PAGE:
• Pūkenga Whakaita KaiDietitians/Pūkenga Whakaita Kai give advice and counselling about diet, food and nutrition to individuals and communities. They also design nutrition programmes to support health and wellbeing.
  • RangatahiYounger generation, youth (Te reo Māori)
  • ReferralA referral is when your family doctor (GP) or another health professional will pass a matter to a specialist for a decision or treatment. Usually, because your doctor wants a specialist’s help to treat a condition that cannot be done by your general practice team.
  • Registered NurseRegistered Nurses/Tapuhi Whai Rēhitatanga assess, treat, care for and support patients in hospitals, clinics, residential care facilities and their homes.
  • RegistrarAn experienced doctor training in a specialty
  • Resident Medical OfficerA House Surgeon or Registrar
  • RMOA House Surgeon or Registrar
  • RNRegistered Nurses/Tapuhi Whai Rēhitatanga assess, treat, care for and support patients in hospitals, clinics, residential care facilities and their homes.
  • RoundWhen you stay at a hospital rounding or rounds are when nurses check in on you regularly to make sure you have everything you need (e.g. call bell and drink within reach, help to the toilet).
  • RoundingWhen you stay at a hospital rounding or rounds are when nurses check in on you regularly to make sure you have everything you need (e.g. call bell and drink within reach, help to the toilet).
  • Secondary careCare that you receive in hospital, either as an inpatient or an outpatient. This may be planned or emergency care. It is more specialist than primary care.
  • self referA service that that offers self-referral essentially means that people do not need to be referred by their doctor, or another health professional, but can contact a health service directly. However, once people self-refer, they are usually assessed, like everyone else.
  • self referringA service that that offers self-referral essentially means that people do not need to be referred by their doctor, or another health professional, but can contact a health service directly. However, once people self-refer, they are usually assessed, like everyone else.
  • self-referA service that that offers self-referral essentially means that people do not need to be referred by their doctor, or another health professional, but can contact a health service directly. However, once people self-refer, they are usually assessed, like everyone else.
  • Self-referralA service that that offers self-referral essentially means that people do not need to be referred by their doctor, or another health professional, but can contact a health service directly. However, once people self-refer, they are usually assessed, like everyone else.
  • self-referringA service that that offers self-referral essentially means that people do not need to be referred by their doctor, or another health professional, but can contact a health service directly. However, once people self-refer, they are usually assessed, like everyone else.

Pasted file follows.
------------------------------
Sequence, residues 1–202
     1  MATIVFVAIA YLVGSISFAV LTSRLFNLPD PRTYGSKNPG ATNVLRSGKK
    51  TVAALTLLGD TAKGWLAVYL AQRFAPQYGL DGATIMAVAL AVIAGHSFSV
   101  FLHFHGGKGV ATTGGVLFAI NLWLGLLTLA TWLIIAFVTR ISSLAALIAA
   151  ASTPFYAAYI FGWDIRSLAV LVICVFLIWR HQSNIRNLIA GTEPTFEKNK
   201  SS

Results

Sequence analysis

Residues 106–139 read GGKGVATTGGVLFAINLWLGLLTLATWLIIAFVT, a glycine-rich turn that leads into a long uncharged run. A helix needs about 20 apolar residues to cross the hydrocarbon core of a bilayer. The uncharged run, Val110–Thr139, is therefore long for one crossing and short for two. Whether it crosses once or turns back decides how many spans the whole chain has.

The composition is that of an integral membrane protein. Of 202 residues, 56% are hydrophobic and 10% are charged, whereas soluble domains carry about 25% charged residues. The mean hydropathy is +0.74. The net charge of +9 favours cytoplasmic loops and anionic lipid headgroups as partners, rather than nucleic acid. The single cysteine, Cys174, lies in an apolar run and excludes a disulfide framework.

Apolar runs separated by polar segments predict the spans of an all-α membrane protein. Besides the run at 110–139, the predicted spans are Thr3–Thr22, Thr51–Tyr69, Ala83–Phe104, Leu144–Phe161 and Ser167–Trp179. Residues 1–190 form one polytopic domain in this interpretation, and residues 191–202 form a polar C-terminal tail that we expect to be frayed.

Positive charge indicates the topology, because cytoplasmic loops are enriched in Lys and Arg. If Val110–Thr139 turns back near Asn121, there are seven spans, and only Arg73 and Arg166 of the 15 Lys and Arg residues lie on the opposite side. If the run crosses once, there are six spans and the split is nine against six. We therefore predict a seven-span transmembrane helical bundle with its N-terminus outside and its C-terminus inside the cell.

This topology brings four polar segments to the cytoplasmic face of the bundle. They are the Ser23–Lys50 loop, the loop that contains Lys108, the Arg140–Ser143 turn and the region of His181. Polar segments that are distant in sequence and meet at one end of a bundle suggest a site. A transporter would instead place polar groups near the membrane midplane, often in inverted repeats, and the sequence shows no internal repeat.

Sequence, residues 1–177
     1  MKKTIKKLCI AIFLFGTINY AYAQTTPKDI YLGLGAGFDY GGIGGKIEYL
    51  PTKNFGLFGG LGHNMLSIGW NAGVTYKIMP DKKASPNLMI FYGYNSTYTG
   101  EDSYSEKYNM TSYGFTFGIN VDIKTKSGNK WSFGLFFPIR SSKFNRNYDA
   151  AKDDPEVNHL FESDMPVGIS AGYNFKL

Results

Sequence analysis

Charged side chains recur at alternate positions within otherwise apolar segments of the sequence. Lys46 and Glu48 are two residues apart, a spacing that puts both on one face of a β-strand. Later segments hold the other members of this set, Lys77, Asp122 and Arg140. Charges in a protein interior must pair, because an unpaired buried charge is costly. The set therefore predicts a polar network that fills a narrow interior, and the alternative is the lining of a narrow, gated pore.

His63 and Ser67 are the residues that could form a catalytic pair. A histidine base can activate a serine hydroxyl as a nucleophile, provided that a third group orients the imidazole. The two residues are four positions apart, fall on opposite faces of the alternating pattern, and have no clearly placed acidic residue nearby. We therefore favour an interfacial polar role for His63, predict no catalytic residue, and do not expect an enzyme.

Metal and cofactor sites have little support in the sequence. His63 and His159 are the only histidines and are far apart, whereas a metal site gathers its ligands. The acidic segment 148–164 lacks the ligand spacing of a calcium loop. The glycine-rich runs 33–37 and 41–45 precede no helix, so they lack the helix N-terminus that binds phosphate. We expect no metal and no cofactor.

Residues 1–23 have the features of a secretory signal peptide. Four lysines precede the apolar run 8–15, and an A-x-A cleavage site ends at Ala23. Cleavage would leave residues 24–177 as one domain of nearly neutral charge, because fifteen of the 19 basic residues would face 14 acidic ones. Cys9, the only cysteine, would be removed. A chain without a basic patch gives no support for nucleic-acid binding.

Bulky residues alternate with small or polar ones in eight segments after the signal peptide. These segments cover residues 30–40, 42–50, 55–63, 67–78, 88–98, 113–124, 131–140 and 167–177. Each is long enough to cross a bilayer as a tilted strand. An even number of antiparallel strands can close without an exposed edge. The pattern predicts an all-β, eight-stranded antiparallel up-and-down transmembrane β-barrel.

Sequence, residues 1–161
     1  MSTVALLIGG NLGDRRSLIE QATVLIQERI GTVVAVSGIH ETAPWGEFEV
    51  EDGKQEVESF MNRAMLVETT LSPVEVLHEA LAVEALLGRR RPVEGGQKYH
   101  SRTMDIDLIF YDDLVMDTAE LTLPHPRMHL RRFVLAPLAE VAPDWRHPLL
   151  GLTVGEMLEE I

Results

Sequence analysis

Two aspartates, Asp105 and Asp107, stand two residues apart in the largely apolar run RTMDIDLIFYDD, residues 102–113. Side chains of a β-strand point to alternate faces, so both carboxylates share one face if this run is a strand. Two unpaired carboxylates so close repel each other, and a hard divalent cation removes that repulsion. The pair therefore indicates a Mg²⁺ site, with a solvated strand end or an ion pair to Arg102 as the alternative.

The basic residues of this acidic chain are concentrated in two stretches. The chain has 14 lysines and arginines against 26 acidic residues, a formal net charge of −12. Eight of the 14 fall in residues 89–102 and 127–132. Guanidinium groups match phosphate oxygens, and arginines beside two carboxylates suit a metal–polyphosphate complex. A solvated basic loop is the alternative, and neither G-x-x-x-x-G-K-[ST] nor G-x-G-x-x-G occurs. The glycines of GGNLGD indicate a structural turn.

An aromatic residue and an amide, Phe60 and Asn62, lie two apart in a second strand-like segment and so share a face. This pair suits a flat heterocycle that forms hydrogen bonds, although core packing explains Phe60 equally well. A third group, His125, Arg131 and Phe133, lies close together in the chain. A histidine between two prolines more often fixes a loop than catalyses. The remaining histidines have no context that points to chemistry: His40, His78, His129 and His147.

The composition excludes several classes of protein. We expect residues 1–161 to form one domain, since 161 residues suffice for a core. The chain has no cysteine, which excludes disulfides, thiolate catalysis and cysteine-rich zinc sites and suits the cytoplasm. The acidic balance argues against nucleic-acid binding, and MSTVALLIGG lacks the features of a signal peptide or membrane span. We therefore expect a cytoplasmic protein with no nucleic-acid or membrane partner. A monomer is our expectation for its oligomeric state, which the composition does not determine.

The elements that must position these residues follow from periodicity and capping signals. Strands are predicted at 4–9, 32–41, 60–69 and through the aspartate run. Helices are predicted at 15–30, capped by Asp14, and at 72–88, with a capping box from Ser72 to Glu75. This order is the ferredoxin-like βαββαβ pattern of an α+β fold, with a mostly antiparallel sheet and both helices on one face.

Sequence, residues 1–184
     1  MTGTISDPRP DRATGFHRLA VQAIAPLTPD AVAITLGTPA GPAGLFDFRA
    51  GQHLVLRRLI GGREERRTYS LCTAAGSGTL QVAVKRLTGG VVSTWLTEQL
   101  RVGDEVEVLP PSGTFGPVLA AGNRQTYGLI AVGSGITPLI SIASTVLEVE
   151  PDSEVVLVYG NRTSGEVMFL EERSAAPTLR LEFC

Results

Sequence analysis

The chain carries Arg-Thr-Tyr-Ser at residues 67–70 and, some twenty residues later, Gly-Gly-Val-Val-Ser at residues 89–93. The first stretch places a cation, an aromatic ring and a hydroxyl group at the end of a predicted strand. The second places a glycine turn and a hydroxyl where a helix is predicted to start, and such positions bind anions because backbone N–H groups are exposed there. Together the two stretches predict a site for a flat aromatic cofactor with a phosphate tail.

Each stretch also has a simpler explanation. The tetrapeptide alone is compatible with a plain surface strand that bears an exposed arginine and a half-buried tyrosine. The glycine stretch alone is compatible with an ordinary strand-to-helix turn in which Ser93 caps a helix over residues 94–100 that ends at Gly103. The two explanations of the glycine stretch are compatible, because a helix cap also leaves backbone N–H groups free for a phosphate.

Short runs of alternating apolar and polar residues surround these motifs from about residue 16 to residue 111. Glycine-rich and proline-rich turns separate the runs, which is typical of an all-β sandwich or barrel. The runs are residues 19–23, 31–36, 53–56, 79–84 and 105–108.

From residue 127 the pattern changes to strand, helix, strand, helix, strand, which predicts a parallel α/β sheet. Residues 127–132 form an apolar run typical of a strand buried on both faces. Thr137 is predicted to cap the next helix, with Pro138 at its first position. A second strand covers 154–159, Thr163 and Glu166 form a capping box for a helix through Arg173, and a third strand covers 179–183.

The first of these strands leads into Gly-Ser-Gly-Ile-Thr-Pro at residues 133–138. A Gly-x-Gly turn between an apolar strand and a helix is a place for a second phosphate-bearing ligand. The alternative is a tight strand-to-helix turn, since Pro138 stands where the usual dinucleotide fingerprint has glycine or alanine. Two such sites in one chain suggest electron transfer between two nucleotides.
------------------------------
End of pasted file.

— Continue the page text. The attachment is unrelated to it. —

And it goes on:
• SLTSpeech Language Therapists/Kaihaumanu Reo ā-Waha (SLTs) assess and treat people who have problems with communication or swallowing. This may include difficulties with speech, language, thought processes or moving their bodies.
  • SMOA senior doctor or surgeon who has specialised in a certain field. Also known as an SMO or a Specialist.
  • Social WorkerSocial Workers/Kaimahi Toko i te Ora provide care, advice and support to people with personal or social problems, and help with community and social issues.
  • Specialist Medical OfficerA senior doctor or surgeon who has specialised in a certain field. Also known as an SMO or a Specialist.
  • Speech Language TherapistSpeech Language Therapists/Kaihaumanu Reo ā-Waha (SLTs) assess and treat people who have problems with communication or swallowing. This may include difficulties with speech, language, thought processes or moving their bodies.
  • TamarikiChildren (Te reo Māori)
  • TaneMen. Tāne Māori refers to Māori men. (Te reo Māori)
  • Tapuhi ā-WhareMidwives/Tapuhi ā-Whare provide care and support to women, their partners and family/whānau during pregnancy, labour and birth, and for six weeks following the birth. They also provide wellness and parenting advice to mothers and families.
  • Te Whatu OraTe Whatu Ora - Health New Zealand leads the day-to-day running of the health system and unites the former 20 District Health Boards, shared services agencies and Te Hiringa Hauora - Health Promotion Agency under one national organisation. It leads and coordinates delivery of health services,(...)
  • TikaOrderlies/Tika help clinical staff take care of patients’ needs by transporting patients; delivering samples, oxygen, and clinical documents; maintaining and cleaning equipment; and other tasks.
  • TriageThe process of deciding whether you need urgent medical attention, and how long you are able to wait. When you go to the hospital Emergency Department or to an urgent care clinic, you will be asked questions about your symptoms. A decision will then be taken about how quickly you need to be(...)
  • WāhineWomen. Wāhine Māori refers to Māori women. (Te reo Māori)
  • WaitahaCanterbury (Māori: Waitaha) region.
  • Ward ClerkWard Clerks welcome patients and their visitors to the ward, ensure patient records are updated and liaise with other departments e.g. to make follow-up appointments.
  • Ward roundWard rounds are when members of your health care team visit each bed and give you an opportunity to ask questions.
  • WhakataukīWhakataukī (Māori proverbs) are often used in both formal speeches and everyday conversation.
  • WhānauExtended family, family group; familiar term of address to a number of people; the primary economic unit of traditional Māori society. In the modern context, the term is sometimes used to include friends who may not have any kinship ties to other members. (Te reo Māori)
  • WhenuaLand (Te reo Māori)

Page last updated: 11 February 2020